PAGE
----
The eastern region of North Carolina continues to be less healthy than the rest of the state. In 2006, 20.0 % of Eastern North Carolinians reported their health as "poor or fair" compared to 17.0% of citizens in the rest of the state.1 Age-adjusted death rates are substantially greater in the 41-county Eastern North Carolina region than the rest of the state (59 counties) for virtually all major causes of death.2
In terms of premature mortality (i.e. years of life lost before age 75), the 2004 US data3 indicates North Carolina ranks 40th among the 50 states. With the exception of Virginia, North Carolina ranks above the other southern states (including Oklahoma).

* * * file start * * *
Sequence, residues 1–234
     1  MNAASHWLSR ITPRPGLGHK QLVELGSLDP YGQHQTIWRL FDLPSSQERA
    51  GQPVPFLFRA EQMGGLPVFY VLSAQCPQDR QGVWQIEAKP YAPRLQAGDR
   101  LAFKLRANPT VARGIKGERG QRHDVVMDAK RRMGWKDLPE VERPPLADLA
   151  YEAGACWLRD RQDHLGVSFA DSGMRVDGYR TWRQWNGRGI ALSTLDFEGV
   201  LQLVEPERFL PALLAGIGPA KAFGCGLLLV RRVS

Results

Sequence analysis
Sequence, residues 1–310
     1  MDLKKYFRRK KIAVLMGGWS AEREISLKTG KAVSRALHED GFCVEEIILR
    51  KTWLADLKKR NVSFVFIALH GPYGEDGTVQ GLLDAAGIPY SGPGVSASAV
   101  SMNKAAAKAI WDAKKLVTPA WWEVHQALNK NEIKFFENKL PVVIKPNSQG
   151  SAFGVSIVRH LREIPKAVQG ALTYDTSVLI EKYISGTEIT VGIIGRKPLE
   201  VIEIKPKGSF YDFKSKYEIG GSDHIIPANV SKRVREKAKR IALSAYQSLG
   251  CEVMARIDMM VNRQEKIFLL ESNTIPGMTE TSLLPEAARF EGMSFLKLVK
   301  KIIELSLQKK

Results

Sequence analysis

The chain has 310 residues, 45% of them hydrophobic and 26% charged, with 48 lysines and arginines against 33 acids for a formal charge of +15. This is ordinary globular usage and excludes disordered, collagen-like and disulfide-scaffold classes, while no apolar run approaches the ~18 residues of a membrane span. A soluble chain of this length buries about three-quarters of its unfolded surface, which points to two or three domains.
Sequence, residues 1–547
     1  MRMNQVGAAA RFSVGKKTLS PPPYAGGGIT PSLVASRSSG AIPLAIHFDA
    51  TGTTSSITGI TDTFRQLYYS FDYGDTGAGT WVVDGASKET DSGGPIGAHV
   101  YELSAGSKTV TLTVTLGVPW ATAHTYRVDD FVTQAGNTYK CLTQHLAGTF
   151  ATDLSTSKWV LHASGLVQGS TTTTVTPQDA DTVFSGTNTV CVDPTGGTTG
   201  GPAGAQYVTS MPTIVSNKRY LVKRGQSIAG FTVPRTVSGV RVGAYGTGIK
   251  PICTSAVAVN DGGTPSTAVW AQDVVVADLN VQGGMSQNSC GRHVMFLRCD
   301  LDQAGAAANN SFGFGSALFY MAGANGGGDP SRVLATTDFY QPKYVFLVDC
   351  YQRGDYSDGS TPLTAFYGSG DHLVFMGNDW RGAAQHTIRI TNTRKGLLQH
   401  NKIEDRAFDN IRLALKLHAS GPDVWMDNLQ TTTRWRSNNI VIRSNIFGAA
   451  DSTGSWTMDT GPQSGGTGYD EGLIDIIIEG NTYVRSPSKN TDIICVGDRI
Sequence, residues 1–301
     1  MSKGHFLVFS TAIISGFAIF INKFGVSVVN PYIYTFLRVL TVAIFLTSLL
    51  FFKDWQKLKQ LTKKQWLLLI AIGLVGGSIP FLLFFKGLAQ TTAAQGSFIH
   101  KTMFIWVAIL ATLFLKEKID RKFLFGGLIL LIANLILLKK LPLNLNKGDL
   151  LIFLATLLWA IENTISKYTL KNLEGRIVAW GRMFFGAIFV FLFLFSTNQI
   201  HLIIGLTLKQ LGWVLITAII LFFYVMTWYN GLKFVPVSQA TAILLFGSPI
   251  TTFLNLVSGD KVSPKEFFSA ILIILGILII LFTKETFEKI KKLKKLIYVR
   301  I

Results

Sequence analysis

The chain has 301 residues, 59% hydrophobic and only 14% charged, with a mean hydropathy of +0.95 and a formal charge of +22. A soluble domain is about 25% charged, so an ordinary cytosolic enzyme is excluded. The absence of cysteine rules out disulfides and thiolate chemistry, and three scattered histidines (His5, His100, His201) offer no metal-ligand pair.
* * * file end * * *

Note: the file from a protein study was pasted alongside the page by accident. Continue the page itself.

If the 41-county Eastern North Carolina region were a state, it would rank 47th and would rank above Arkansas, Alabama, Mississippi, Louisiana, and the District of Columbia. If the rest of North Carolina (59 counties) were considered alone, it would rank 34th, with a rate most similar to Maryland's.
The rates and ranks for 2004 are as follows:
1 North Carolina Behavioral Risk Factor Surveillance Survey, 2006. Statistically significant at p=.05, 95% CIs for Eastern NC and Rest of NC are 18.6 - 22.5 and 16.1 - 18.0, respectively.
2 Mortality rates per 100,000 for the year 2006 and age-adjusted to the US 2000 standard million (from NCHS's Compressed Mortality Files 1999-2004).
3 Premature mortality (before age 75) rates per 10,000 for the year 2004 and age-adjusted to the US 2000 standard million (from NCHS's Compressed Mortality Files 1999-2004).